• Ensure that strict replication consistency is enabled on all domain controllers. Strict replication consistency is a registry setting that—when it is enabled—stops inbound replication of a directory partition from a source domain controller that is suspected of having a lingering object. Strict replication consistency should be enabled for the forest to prevent the reintroduction of a lingering object into the directory. You can use the repadmin /regkey command to enable this setting on a specific domain controller or on all domain controllers in the forest, as described in Enable Strict Replication Consistency.

  • Monitor the Knowledge Consistency Checker (KCC) topology and replication to ensure that unintended long disconnections are detected. By monitoring replication, you can detect disconnections that occur as a result of network failures, service failures, or configuration errors. Use the Active Directory Management Pack or other monitoring application to implement a monitoring solution for your Active Directory deployment. Event IDs to monitor include 1311, 1388, 1925, 1988, 2042, 2087, and 2088.

  • Ship computers with properly configured IP, subnet mask, default gateway, and DNS server addresses. Remember to reconfigure the server with TCP/IP settings that are appropriate to the target site, not the staging site.

  • Prepare the registry for automatic nonauthoritative restore of SYSVOL when the domain controller restarts. This recommendation applies only when you use FRS to replicate SYSVOL. For FRS replication of SYSVOL, the nonauthoritative restore prevents the domain controller from having to reconcile and process deletions and modifications that took place from the time of the last SYSVOL update to the time that the domain controller is restarted in the new site, which improves synchronization time. For information about preparing for nonauthoritative restore of SYSVOL, see Prepare a domain controller for nonauthoritative SYSVOL restart ( This additional configuration is not required for Distributed File System (DFS) Replication of SYSVOL because DFS Replication processes updates differently.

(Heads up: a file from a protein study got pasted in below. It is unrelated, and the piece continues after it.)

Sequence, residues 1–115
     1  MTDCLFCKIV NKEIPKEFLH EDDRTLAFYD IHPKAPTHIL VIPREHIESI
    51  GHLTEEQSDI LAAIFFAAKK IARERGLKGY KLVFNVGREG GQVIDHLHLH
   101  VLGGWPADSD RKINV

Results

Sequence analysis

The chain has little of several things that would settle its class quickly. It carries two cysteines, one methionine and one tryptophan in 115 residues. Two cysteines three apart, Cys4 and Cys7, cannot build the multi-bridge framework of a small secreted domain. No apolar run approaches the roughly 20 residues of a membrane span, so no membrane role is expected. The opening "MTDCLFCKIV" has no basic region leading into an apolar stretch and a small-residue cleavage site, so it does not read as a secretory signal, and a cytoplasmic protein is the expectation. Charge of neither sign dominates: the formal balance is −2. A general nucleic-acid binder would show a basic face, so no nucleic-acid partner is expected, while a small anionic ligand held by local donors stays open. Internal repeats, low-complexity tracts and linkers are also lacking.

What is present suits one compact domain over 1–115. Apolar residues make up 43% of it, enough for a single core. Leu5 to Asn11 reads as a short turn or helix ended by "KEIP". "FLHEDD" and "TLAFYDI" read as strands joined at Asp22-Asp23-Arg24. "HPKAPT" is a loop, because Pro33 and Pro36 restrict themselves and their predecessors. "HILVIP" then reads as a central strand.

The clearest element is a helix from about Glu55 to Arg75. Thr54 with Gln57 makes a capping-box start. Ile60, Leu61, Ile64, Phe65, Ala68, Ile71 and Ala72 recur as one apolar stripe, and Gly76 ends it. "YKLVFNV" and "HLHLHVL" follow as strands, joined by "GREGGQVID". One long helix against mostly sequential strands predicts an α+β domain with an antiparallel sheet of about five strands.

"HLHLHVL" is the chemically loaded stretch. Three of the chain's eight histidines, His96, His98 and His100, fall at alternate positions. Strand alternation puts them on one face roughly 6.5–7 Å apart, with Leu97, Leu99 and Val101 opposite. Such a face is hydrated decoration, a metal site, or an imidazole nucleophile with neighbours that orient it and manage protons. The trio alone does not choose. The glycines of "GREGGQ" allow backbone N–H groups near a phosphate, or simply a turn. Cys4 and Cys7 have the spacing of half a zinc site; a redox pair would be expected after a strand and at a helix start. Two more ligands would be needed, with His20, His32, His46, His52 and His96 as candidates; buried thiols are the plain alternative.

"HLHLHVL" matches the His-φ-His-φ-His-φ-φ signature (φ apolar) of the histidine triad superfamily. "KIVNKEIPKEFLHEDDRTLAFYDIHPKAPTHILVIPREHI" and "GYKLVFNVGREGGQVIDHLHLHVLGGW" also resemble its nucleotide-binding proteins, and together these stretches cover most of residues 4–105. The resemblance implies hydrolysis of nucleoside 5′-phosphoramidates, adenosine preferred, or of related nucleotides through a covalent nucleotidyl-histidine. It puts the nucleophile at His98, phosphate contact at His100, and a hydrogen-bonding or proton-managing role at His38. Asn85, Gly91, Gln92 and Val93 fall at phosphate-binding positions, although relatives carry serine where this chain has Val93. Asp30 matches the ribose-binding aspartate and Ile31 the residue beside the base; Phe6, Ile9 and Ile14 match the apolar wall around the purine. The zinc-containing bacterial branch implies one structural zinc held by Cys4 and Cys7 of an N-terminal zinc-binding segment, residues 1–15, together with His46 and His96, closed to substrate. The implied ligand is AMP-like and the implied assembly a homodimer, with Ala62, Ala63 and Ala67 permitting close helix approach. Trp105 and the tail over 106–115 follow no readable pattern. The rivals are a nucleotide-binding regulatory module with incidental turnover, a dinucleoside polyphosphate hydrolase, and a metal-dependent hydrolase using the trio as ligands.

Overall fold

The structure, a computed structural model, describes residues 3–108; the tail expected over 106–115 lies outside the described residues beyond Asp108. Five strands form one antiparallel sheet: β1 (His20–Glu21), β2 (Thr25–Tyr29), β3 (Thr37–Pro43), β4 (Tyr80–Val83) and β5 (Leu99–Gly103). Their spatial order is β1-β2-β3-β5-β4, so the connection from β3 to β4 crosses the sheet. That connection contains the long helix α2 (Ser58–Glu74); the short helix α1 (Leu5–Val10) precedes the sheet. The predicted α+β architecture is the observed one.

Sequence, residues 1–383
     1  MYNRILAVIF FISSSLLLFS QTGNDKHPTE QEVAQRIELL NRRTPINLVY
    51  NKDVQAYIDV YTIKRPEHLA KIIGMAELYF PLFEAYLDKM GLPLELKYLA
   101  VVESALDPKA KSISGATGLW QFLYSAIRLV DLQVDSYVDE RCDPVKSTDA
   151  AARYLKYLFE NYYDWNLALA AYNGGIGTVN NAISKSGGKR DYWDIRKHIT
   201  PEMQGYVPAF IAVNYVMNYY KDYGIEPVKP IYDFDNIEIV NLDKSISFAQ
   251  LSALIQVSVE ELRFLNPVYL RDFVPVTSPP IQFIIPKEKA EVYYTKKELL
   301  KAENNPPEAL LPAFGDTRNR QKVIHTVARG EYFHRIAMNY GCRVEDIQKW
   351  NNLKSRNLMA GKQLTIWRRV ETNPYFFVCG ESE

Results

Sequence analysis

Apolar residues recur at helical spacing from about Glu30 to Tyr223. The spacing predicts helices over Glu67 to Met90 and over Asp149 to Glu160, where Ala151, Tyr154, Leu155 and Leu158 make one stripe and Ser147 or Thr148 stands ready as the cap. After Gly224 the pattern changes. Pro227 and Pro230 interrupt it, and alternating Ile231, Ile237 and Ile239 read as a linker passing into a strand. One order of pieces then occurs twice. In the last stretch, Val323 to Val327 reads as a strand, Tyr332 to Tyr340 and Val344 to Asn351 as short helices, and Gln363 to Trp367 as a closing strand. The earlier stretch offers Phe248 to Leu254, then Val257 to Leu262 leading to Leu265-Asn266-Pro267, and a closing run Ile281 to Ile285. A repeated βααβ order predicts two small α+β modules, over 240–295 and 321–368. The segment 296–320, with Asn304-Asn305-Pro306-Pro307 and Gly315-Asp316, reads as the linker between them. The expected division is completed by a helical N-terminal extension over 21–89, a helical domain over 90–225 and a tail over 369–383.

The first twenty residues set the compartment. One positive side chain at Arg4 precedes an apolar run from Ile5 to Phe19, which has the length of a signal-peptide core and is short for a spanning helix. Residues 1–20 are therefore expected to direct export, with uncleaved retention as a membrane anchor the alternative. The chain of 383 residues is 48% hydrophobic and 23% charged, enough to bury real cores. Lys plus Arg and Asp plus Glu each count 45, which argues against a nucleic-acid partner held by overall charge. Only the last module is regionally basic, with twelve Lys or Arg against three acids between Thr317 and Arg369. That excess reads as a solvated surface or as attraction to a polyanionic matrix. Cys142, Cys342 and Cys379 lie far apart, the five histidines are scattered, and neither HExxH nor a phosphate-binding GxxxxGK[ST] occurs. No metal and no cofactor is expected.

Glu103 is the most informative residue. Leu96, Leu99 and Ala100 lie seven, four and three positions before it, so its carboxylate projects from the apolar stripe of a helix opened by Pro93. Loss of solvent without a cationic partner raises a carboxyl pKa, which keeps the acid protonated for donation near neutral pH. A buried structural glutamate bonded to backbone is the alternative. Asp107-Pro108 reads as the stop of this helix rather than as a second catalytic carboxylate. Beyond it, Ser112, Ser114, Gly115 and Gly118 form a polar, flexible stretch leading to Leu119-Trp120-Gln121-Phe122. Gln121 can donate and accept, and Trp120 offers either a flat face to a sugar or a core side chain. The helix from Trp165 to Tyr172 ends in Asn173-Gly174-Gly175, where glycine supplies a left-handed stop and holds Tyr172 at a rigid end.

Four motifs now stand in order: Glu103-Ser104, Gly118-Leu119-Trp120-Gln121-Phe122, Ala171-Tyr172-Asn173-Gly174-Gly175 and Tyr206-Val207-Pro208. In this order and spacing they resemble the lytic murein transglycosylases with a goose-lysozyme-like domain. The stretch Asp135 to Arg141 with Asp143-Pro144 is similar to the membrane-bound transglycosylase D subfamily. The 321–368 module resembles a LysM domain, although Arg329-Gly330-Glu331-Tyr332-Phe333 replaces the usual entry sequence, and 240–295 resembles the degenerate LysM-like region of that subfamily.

• Ensure that the domain controller replicates successfully with all replication partners. Immediately before you disconnect the domain controller, force replication with its partners. Check that replication has succeeded before you disconnect the domain controller.

  • Label the domain controller. When you disconnect the domain controller, attach a label to the computer that identifies the date and time of disconnection, the destination, and the IP settings.

  • When you reconnect the domain controller, update SYSVOL as quickly as possible. The domain controller does not serve as a domain controller until SYSVOL has been updated through replication. If the site has one or more other domain controllers in the same domain, start the domain controller anytime. If the site contains no other domain controller in the same domain, time the restart of the domain controller to coincide with the beginning of intersite replication.

  • To avoid time skew issues, ensure that the system clock is synchronized with the domain source on startup. When you start the domain controller in the remote site, use the following command to ensure that the domain controller uses the domain hierarchy to synchronize time:

    w32tm /resync/ computer:<PDCEmulatorHostName>